In his genealogical phase Michel Foucault deals with changes in discourse and institutions. Power relationships admittedly change and influence differently in a particular epoch, but power continues to exist. The two most important techniques which Foucault distinguishes investigating the shift between pre-modern and modern societies are discipline and confession (Foucault 1981). Discipline is intended to produce conforming people, docile bodies. Discipline isolates the individual from the masses and subjects him or her to procedures of normalization. Thus the modern individual comes into being. Examination, the most important technique of discipline, is not exclusively linguistic but it is substantially defined by discursive practices – genres – such as those of medical consultation/examination and various other varieties of interview (Fairclough 1992). Confession on the other hand serves to subjectify human beings. One talks about oneself and one’s own needs, under the illusion that one is thereby liberating oneself. In reality, however, argues Foucault, one only submits even more to a power, an authority, to whom one is confessing. Consultations, therapies and interview techniques are all forms of confession (Wodak 1996).
Fairclough takes up Foucault’s theoretical reflections to support his own arguments on the technologization and marketization of discourse. He speaks about three sets of developments in contemporary discursive practice. I consider them all as a realization of a neoliberal ideology, more precisely, its economic and technological logic that progressively colonizes the lifeworld by strategic practices emoboding a purely instrumental rationality (Habermas 1984).
- The post-traditional nature of contemporary society (Giddens 1991) and the corresponding informalization of society which is partly constitued through a conversationalization of discursive practices. This set of developments is associated with an apparent democratization of discourse which involves the reduction of overt markers of power asymmetry between people of unequal insitutional power. The discoursal democratization is of course linked to political democratization of the post-traditional society, and to the broad shift from coercion to consent, incorporation and pluralism in the exercise of power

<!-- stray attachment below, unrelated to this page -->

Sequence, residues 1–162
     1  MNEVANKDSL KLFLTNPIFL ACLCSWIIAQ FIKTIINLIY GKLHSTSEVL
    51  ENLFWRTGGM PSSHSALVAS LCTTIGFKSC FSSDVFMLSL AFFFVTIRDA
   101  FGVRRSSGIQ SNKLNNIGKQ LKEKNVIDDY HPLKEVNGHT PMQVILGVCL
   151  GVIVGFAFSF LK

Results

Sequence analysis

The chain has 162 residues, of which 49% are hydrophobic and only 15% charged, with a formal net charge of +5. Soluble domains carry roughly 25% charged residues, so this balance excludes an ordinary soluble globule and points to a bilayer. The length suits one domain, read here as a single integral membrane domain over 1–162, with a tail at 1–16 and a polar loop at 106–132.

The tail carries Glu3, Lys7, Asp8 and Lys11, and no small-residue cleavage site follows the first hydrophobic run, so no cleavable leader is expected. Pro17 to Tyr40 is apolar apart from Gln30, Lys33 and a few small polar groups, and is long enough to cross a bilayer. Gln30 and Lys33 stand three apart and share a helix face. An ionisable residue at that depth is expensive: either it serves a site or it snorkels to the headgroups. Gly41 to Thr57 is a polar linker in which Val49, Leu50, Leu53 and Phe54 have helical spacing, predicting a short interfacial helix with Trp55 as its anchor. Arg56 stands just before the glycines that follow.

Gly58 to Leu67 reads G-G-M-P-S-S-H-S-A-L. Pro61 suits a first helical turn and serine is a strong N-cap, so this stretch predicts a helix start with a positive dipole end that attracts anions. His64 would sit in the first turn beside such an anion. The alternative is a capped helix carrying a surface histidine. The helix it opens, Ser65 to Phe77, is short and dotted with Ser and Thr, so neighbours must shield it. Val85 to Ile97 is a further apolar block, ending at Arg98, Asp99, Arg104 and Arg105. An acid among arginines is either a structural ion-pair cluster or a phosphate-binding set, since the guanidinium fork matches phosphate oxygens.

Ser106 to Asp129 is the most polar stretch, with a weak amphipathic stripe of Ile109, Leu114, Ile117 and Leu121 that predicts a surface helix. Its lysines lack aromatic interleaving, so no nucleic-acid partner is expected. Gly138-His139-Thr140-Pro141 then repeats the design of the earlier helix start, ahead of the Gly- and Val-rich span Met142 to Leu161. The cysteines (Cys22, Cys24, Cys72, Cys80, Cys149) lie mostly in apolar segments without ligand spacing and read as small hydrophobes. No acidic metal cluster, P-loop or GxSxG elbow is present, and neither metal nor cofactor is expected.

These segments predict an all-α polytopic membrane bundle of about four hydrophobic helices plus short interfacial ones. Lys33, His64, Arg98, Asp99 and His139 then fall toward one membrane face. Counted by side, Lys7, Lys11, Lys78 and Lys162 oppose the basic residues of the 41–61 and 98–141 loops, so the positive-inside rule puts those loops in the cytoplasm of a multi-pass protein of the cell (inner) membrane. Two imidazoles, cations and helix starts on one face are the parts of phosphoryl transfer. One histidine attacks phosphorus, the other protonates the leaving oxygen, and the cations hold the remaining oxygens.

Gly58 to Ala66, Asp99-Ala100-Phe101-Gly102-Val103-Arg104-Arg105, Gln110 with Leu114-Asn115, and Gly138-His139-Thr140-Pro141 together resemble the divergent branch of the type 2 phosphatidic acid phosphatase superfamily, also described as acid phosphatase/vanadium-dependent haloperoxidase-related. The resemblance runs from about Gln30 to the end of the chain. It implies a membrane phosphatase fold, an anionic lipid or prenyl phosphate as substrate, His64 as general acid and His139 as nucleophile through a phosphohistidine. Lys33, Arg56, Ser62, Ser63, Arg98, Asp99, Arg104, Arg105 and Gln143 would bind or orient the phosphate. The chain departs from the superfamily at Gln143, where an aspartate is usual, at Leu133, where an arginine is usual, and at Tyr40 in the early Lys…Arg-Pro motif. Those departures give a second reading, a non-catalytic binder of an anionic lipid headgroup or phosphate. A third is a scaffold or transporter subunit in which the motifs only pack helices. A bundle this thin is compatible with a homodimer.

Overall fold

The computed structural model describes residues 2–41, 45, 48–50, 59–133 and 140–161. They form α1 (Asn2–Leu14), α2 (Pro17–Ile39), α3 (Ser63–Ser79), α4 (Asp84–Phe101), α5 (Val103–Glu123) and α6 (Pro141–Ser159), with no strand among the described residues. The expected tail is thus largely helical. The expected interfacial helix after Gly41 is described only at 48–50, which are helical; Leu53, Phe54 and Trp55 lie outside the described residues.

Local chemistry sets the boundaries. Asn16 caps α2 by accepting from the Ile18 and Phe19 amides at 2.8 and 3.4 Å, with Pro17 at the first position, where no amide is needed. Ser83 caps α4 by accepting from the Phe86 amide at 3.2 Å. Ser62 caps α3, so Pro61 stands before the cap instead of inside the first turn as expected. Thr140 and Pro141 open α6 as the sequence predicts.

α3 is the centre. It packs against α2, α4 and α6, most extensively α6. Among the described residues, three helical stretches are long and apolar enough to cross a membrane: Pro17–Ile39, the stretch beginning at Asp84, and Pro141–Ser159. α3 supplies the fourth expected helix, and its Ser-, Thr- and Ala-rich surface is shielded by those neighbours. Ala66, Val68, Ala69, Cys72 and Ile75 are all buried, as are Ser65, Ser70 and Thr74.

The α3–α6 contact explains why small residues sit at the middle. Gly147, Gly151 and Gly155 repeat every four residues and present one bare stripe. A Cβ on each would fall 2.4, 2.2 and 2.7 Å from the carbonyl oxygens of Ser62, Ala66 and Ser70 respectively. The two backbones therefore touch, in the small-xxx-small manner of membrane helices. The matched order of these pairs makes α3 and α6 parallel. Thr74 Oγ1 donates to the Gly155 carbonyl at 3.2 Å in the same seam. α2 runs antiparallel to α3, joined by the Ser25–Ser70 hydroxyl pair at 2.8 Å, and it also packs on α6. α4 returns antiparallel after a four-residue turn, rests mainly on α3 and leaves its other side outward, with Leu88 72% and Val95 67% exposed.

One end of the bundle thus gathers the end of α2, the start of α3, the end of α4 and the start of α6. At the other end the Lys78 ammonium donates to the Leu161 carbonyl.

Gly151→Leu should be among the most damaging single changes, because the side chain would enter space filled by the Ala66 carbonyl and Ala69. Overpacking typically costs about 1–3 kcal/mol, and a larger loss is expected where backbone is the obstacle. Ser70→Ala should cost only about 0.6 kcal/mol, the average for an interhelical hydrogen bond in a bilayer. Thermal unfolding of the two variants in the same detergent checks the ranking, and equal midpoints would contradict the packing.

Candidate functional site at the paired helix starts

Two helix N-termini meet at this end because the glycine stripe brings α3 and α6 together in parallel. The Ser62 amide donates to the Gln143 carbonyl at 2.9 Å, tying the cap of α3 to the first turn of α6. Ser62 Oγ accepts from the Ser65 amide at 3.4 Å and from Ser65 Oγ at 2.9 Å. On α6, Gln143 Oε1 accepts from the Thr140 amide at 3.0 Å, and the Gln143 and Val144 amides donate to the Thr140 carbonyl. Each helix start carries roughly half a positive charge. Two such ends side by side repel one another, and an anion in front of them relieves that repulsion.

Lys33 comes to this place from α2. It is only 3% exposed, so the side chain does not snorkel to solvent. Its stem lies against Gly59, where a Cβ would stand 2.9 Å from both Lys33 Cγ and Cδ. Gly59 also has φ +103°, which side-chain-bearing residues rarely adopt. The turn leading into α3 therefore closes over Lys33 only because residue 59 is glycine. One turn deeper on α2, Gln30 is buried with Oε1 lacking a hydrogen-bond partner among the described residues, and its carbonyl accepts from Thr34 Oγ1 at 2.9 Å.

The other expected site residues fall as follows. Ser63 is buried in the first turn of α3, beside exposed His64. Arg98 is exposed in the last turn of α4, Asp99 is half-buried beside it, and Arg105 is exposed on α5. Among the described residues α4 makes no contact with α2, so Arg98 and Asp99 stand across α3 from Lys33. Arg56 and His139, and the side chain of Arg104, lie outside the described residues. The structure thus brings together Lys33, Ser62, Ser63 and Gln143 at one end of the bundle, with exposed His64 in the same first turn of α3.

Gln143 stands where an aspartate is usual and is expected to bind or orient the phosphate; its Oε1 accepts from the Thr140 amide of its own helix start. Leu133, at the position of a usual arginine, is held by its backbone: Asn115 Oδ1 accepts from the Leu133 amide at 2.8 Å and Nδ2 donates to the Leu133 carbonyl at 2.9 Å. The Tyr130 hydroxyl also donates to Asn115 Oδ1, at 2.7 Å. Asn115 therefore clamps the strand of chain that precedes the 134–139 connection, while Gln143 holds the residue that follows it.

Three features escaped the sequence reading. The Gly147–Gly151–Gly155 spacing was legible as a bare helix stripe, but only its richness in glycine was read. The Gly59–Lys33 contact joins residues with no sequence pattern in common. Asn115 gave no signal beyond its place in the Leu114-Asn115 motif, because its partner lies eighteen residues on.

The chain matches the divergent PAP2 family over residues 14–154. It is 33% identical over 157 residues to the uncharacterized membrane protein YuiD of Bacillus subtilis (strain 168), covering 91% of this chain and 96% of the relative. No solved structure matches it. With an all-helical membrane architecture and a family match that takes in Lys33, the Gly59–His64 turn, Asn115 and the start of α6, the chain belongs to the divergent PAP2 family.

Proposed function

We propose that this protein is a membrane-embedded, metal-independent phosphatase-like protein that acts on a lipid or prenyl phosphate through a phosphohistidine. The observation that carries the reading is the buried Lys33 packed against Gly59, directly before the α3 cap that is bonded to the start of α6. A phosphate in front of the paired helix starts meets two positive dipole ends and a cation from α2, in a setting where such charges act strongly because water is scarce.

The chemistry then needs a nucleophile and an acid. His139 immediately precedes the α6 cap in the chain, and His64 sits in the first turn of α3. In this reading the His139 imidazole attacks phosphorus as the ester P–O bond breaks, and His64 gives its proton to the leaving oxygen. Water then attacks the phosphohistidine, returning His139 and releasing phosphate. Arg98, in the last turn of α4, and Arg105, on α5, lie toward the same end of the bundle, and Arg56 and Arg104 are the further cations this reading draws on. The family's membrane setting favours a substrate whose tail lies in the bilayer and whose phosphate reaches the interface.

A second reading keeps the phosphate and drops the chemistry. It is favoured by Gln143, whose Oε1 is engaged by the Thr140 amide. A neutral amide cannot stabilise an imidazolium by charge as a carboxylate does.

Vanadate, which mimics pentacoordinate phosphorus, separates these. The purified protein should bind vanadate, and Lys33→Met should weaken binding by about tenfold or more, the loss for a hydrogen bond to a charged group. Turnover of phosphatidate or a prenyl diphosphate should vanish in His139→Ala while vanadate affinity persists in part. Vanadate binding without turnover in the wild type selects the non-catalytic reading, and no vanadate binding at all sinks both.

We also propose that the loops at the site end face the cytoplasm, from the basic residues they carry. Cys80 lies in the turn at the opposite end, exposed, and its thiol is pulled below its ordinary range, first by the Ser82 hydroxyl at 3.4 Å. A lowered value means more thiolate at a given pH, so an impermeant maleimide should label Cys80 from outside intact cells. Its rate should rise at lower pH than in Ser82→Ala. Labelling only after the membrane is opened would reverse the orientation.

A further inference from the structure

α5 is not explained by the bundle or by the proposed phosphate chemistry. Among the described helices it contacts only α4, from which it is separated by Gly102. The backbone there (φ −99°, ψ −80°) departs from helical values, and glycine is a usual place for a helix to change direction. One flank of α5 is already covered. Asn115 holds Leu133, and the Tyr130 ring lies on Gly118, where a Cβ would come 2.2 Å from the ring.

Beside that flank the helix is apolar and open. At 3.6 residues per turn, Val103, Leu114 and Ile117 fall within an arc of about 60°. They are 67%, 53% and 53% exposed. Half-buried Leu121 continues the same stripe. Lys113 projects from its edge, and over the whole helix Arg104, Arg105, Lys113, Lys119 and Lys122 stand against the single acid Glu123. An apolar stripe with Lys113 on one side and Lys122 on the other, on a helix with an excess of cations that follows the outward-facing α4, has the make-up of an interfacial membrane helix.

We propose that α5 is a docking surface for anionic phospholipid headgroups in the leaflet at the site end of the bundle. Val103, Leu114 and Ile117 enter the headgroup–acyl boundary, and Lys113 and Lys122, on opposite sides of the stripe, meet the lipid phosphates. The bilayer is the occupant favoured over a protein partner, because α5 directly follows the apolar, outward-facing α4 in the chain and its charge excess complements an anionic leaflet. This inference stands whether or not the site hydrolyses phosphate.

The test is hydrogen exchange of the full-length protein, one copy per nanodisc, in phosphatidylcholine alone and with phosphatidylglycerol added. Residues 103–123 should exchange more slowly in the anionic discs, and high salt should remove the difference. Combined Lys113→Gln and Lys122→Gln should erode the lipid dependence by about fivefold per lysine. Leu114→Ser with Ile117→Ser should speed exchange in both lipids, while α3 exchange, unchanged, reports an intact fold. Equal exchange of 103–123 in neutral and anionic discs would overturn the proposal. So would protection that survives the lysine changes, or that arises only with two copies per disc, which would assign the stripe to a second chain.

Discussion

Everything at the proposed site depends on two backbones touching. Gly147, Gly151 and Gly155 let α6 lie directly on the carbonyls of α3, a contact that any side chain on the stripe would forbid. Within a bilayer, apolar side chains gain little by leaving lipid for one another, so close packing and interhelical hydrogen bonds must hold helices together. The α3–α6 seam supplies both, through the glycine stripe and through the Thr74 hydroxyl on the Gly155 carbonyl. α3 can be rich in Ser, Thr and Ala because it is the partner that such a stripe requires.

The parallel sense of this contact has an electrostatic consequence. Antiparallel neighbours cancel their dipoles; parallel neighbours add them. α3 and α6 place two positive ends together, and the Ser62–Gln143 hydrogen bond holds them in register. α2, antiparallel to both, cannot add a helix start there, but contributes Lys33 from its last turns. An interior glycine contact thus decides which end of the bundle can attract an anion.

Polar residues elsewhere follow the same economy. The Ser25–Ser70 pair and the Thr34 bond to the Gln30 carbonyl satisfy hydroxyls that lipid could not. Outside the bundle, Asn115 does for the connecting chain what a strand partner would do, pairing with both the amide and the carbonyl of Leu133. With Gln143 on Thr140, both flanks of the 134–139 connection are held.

- The elevation and generalization of the promotional function in discursive practices and its consequences in terms of the hybrydyzation of discourse practice and the subordination of meaning to effect. This shift is called by Fairclough synthetic personalisation – the simulation of private, face-to-face, person-to-person discourse in public mass-audience discourse. Synthetic personalization is a facet of a concomitant with discoursal democratization process of the breaking down of divisions between public and private, political society and civil society as the state and its mechanism (especially ideological) of generating consent expand into private domains.
- The increased reflexivity of contemporary life, in the sense of the systematic use of knowledge about social life for organizing and transforming it (Giddens 1991) and Fairclough concept of technologization of discourse. The concept can be understood in Giddens’ terms as the constitution of expert system whose domain is the discursive practices of, particularly, public institutions. In other words, there is much increased emphasis on training, counselling, interviewing and other contxt-free techniques which contributes to a widespread effect of colonization of local institutions by a few culturally-salient discourse types - advertising and managerial and marketing discourse, and of course counselling.
In my presentation I will refer to a few examples that are highly selectively representative of the order of discourse (Foucault 1993) of the Polish higher education institutions. I will investigate in particular the following interconnected questions: what is happening to the authority of academic institutions and academics and to authority relations between academics and students, academic institutions and the public? What is happening to the professional identities of academics and to the collective identities of institutions? The more general question that my study will also address is whether these developments in higher education amount to the maintaing of an emerging neoliberal hegemony, in the domain of the order of discourse in particular?